Irish Government looks for volunteers to test C-ITS

Ireland’s Minister of State with special responsibility for road safety, Jack Chambers TD, alongside Transport Infrastructure Ireland (TII) has launched an EU-funded pilot programme for on-road Cooperative Intelligent Transport Systems.

This pilot is part of a €10 million (£8.5 million) of spending, with half the funding provided by the EU and half by the State, to roll out the C-ITS technology on Irish roads

Commenting at the launch of the programme, Minister Chamber said: “We are calling for members of the public to participate in the pilot to trial these exciting new technologies in real-world situations. The value of this technology is that it empowers motorists to make real time decisions so they can better plan their journey to avoid things like road collisions, broken down vehicles causing obstruction or congestion and ultimately improve road safety for all road users. Participants will be among the first in Ireland to experience this new driving technology and contribute to connected vehicle development and implementation. “

Peter Walsh, Chief Executive of TII said: “This EU pilot programme is a significant research opportunity in learning how the use of intelligent transportation systems will assist both the road user and road operator to improve overall road safety. The public involvement with this research programme will assist greatly in creating a safer road user environment for the future.”

The pilot programme is part of the C-Roads Platform which is co-funded by the European Union and brings eighteen EU member states and road operators together to harmonise the standards for the implementation and deployment of C-ITS on European roads. This means that C-ITS-equipped Irish vehicles will receive C-ITS messages when in Europe and C-ITS equipped European vehicles will receive messages in Ireland.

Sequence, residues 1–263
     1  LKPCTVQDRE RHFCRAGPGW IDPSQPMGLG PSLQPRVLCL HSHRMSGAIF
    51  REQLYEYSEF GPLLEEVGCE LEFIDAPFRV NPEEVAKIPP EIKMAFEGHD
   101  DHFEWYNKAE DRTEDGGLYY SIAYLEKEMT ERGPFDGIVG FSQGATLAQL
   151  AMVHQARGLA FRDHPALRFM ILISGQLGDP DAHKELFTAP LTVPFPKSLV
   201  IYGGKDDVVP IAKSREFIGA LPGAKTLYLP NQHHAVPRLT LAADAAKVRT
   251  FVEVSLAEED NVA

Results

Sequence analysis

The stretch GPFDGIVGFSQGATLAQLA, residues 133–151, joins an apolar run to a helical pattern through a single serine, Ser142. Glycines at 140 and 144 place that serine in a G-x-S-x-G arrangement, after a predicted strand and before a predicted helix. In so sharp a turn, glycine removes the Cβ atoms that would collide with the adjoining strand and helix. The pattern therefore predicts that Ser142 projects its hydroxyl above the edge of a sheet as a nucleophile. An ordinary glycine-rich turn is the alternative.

The Irish Government says the pilot will help lay the foundations for the next generation of transport infrastructure and car manufacturing standards supporting the Department of Transport’s objectives to deliver an accessible, efficient, safe and sustainable transport system that supports communities, households and businesses. It will evaluate the impacts and safety benefits of C-ITS; build public awareness of the new technologies; and inform government decision-making at both a national and European level. The pilot will run until the end of 2024.

How will the pilot programme operate?

TII manages the safe and efficient operation of the motorway network, 24-hours-a-day, 7-days-a-week, using existing roadside technologies, such as road sensors, emergency roadside telephones and CCTV cameras. At present, variable message signs are the primary means for communicating incident alerts to drivers. Through this pilot, however, TII will be able to use C-ITS technologies to send safety alerts – in real time – directly to drivers in their vehicles.

The safety alerts will be sent to drivers through smartphone apps connected to the mobile phone network or through tablets connected to local C-ITS roadside units installed on the M50 and M1 motorways. These devices will display messages relating to collisions, congestion, stationary vehicles, road works, and hazardous weather. They will also identify electric vehicle (EV) charging points in the vicinity of the driver.

The pilot has no element of vehicle automation—drivers will always remain in control of their vehicles during the pilot. However, the technology represents an important link in the transition to self-driving cars.

(Picture – Yay Images)


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